Remote sensing technology in recent years has been regarded the most important source to provide substantial information for delineating the flooding extent to the disaster management authority. There have been numerous studies proposing mathematical or statistical classification models for flood mapping. However, conventional pixel-wise classifications methods rely on the exact match of the spectral signature to label the target pixel. In this study, we propose a fully convolutional neural networks (F-CNNs) classification model to map the flooding extent from Landsat satellite images. We utilised the spatial information from the neighbouring area of target pixel in classification. A total of 64 different models were generated and trained with a variable neighbourhood size of training samples and number of learnable filters. The training results revealed that the model trained with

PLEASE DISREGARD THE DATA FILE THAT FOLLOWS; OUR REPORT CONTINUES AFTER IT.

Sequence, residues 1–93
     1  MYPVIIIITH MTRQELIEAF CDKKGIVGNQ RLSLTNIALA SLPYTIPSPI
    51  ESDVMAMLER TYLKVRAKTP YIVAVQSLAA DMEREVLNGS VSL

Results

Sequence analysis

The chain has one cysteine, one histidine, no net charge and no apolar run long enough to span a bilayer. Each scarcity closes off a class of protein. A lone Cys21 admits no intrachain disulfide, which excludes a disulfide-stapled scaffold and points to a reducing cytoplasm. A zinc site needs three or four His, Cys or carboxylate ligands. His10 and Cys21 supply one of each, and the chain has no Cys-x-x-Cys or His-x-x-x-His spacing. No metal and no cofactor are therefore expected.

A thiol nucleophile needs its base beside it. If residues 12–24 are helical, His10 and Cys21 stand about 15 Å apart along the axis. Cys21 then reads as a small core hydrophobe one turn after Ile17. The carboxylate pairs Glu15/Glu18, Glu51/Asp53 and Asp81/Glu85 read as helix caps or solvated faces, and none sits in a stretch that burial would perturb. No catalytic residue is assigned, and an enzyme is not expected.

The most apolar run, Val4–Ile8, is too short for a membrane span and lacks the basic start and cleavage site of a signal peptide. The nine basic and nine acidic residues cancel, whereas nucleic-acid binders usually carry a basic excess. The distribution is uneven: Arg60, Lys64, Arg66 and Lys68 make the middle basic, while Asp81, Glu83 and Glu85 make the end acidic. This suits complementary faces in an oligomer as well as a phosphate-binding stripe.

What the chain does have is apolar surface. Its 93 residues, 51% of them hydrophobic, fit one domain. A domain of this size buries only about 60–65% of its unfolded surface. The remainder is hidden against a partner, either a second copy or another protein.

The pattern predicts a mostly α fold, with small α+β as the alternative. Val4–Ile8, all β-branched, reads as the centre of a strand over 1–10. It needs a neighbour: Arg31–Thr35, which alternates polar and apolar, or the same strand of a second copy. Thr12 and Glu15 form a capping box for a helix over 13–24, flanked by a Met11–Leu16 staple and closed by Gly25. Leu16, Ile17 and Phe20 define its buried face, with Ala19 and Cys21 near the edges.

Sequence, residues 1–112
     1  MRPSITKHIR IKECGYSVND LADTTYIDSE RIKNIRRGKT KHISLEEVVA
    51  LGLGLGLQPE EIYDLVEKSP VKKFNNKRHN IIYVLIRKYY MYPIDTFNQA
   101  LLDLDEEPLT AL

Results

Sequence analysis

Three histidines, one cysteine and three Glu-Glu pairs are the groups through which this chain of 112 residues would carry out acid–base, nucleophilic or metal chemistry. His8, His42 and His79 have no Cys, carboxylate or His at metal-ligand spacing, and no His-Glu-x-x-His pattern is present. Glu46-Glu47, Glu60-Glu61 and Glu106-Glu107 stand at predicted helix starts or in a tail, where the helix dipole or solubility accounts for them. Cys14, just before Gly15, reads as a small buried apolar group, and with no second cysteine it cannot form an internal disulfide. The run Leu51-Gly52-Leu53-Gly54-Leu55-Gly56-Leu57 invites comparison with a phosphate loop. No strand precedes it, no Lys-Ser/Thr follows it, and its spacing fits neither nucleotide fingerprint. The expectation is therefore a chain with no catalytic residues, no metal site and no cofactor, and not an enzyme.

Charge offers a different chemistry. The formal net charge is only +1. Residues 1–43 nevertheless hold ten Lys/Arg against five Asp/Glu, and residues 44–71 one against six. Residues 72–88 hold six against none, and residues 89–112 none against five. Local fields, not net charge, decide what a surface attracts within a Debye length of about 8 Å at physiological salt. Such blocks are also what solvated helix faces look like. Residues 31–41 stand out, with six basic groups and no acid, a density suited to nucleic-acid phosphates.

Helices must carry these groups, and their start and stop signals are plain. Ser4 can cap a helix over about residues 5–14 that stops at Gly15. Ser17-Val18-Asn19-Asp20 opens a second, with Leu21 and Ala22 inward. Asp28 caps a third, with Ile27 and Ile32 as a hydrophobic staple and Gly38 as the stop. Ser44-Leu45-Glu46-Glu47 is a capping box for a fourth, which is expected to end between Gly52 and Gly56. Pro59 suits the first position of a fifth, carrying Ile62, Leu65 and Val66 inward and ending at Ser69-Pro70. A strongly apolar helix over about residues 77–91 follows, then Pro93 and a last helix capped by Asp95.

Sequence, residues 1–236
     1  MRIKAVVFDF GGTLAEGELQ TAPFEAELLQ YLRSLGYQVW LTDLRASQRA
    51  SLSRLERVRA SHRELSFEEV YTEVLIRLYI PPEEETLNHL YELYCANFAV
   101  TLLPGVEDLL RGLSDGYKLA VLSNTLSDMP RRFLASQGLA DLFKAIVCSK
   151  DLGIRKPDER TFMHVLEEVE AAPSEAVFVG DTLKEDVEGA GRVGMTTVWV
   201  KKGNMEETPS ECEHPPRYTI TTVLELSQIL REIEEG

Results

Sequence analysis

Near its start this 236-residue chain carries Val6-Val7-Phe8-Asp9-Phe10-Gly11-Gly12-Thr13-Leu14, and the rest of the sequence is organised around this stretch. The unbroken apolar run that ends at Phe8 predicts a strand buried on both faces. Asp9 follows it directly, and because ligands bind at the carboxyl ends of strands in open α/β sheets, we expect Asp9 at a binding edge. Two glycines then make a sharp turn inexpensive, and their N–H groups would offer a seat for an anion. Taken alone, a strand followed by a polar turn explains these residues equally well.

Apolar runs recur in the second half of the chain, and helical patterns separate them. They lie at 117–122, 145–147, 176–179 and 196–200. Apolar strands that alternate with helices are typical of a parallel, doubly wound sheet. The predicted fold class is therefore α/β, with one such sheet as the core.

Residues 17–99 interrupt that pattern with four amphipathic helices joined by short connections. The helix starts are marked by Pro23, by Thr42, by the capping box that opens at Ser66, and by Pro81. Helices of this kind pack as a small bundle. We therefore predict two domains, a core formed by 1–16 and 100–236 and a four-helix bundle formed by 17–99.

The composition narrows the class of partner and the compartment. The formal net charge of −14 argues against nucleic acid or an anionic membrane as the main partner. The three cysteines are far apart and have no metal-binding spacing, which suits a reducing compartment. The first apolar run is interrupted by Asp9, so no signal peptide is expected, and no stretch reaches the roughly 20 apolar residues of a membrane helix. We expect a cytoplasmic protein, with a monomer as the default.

neighbourhood sized training samples and with 32 convolutional filters achieved the best performance out of the experiments. A new set of different Landsat images covering flooded areas across Australia were used to evaluate the classification performance of the model. A comparison of our proposed classification model to the conventional support vector machines (SVM) classification model shows that the F-CNNs model was able to detect flooded areas more efficiently than the SVM classification model. For example, the F-CNNs model achieved a maximum precision rate (true positives) of 76.7% compared to 45.27% for SVM classification.
This is an open access article distributed under the Creative Commons Attribution License
which permits unrestricted use, distribution, and reproduction in any medium, provided the original work is properly cited